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  #3  
Old 10-30-2002, 11:24 AM
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Here is a great site for finance:

http://www.peoplefirst.com/pff/default_2.cfm?d=1

I've used them 2x ad have been entirely happy with the complete package.

G is on the mark about the car you saw. Take your time. And in addition, absolutely DO NOT BUY one that doesn't have a good warranty as an option. Investigate the Warranty company. Some are good and some arenít. Contact a MB dealer service department and/or inde and ask them what the good warranty companies are and you won't be unhappy about the results

Enjoy the hunt
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  #4  
Old 10-30-2002, 12:57 PM
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Join Date: Feb 2002
Location: South Eastern, MA
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As someone mentioned earlier, People First is a good way to get a used car loan. You'll find that on older cars (Over 7 years) the rates will be much much higher. Unfortunately these banks realize they don't have a great deal of competition so you have no choice.

When I originally purchased my car 7 months ago I used Wells Fargo Auto Finance. They had slightly lower rates and gave me a higher amount of credit. My suggestion is that if you decide to get an older car with a higher rate loan, plan on paying it off very quickly. If your not sure you can do this it may not be worth it.

Another trick which may help you is to look for your car at a Exotic car dealership. You'll end up paying a grand more for the car but they'll take care of the loan and paperwork. They can also source a warranty company for your car and included that in your loan.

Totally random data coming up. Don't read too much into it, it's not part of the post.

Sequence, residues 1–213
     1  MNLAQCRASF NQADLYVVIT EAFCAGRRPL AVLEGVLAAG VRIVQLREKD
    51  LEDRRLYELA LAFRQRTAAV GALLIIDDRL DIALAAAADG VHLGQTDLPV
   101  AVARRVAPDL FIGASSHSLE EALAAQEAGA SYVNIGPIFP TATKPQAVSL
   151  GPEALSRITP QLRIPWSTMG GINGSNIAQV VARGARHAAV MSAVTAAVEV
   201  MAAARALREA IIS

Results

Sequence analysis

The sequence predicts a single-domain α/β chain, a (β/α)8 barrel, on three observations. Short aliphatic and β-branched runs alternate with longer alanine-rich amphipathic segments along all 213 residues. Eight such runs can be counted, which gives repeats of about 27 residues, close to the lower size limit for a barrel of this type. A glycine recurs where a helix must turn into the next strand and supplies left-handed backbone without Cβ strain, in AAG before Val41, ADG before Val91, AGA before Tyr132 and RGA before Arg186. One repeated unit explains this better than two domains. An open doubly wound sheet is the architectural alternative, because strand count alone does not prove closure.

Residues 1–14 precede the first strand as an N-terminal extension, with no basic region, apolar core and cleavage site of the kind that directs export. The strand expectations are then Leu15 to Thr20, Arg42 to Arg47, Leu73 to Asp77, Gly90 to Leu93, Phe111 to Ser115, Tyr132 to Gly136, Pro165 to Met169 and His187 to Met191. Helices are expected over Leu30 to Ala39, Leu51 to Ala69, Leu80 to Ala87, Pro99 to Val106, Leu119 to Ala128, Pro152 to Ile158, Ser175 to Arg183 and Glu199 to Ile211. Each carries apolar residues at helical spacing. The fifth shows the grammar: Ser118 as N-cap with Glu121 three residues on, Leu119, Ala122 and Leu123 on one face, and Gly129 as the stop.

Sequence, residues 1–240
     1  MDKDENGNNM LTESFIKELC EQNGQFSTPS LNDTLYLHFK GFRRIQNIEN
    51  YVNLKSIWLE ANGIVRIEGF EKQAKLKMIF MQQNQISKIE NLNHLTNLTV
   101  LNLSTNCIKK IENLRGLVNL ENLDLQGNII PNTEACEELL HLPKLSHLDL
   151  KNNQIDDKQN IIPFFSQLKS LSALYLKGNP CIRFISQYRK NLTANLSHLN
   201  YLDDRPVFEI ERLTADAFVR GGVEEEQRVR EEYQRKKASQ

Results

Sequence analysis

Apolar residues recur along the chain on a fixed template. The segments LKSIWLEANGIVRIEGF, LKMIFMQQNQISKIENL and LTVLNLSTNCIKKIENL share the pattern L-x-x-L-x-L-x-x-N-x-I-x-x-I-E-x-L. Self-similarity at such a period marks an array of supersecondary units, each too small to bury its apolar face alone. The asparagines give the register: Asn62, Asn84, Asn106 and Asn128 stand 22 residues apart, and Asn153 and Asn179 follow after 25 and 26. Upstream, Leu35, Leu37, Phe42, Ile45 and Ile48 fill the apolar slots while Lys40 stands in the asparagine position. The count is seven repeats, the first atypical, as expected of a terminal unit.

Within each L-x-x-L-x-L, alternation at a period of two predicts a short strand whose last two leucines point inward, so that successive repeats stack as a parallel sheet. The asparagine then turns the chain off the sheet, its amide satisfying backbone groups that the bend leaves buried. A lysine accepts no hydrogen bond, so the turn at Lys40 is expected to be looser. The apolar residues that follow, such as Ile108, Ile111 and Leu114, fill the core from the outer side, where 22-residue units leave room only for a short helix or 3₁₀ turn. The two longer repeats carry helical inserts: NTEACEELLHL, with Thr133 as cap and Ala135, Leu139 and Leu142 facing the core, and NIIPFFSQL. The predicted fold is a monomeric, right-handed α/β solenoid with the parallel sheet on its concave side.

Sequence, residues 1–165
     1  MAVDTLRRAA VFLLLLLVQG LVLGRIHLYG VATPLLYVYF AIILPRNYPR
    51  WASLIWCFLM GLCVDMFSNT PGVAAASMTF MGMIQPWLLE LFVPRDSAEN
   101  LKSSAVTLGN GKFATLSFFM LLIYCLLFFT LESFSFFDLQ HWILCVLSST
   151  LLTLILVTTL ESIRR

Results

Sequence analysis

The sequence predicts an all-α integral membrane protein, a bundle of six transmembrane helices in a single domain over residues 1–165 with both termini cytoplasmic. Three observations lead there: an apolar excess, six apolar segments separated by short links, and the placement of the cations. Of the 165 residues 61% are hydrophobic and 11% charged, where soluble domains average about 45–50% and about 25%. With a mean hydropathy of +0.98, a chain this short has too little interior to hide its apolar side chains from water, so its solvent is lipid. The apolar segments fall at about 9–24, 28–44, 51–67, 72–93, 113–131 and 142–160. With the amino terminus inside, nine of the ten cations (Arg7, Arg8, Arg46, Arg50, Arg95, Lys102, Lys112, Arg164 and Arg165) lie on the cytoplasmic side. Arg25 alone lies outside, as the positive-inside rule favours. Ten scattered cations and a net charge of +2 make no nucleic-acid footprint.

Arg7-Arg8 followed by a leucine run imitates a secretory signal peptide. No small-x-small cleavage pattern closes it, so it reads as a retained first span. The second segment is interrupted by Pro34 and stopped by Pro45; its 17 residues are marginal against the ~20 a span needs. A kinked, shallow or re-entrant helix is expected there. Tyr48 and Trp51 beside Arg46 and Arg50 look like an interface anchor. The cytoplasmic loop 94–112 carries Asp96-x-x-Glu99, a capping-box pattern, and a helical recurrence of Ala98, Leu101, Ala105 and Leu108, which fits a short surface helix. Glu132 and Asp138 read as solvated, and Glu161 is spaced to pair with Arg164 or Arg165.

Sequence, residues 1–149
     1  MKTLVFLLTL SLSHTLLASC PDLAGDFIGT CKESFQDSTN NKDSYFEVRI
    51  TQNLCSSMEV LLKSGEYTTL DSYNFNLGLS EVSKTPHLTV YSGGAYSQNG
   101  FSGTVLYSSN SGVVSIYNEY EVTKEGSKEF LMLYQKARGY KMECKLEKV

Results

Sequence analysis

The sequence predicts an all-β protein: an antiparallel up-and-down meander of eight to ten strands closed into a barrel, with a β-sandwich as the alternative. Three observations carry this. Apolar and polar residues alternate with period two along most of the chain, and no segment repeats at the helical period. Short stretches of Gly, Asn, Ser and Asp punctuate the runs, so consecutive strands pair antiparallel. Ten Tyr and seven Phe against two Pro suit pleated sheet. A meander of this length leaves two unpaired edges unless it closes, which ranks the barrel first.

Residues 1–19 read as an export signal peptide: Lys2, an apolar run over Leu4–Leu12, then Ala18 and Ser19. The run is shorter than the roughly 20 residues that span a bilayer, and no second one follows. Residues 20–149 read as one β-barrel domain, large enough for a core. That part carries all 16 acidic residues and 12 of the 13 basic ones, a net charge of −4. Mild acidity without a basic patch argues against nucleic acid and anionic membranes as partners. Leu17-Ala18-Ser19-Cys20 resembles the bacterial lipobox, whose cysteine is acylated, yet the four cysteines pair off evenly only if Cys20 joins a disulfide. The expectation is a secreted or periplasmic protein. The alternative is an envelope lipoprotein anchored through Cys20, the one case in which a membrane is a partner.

Good luck with your search.
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  #5  
Old 10-30-2002, 03:59 PM
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Join Date: Oct 2001
Location: Seattle Area
Posts: 373
I used a home equity line-of-credit on our recent purchase ('95 E420), and it's the best way to buy a car as far as I'm concerned. I first tried to buy a car out of state and was thwarted by my local bank's auto loan program. When you get the equity check, the bank doesn't care what you buy with it since theyhave your house as collateral, and your interest (as John mentioned), is usually considerably lower.

Payments are also less if you need them to be (15 year loan in my case), but definitely DON'T wait that long! Overall, you're using an appreciating asset to pay for one that depreciates - a much more effcient manner imho. Plus, you pay for the car in cash an get the title, which is kinda nice.

look into this option if you happen to own a home.

Regards,
- Ryan
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  #6  
Old 10-30-2002, 09:40 PM
vanakin
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Thanks

Thanks for the advice, I will try to go thru Peoplefirst, I researched them before but thought it sounded too good to be true.

I did consider a home loan but with my fragile job security and the current economy(I work for Worldcom) I don't want to put my house on the line for a car.

Keep the advice coming.